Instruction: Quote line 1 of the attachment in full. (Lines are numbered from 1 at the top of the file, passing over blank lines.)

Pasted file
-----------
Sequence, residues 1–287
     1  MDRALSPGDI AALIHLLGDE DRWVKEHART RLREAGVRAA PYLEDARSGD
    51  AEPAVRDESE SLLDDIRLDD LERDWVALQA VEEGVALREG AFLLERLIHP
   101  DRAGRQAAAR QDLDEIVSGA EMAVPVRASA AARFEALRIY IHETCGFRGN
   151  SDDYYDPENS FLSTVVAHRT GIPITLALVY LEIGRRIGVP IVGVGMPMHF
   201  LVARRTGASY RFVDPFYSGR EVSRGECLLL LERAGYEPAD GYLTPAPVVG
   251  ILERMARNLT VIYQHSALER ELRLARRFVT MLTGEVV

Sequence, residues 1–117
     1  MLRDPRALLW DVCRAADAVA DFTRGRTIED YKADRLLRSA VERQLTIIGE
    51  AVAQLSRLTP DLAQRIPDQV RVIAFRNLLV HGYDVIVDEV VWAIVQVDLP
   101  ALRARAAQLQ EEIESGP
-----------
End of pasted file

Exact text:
Sequence, residues 1–287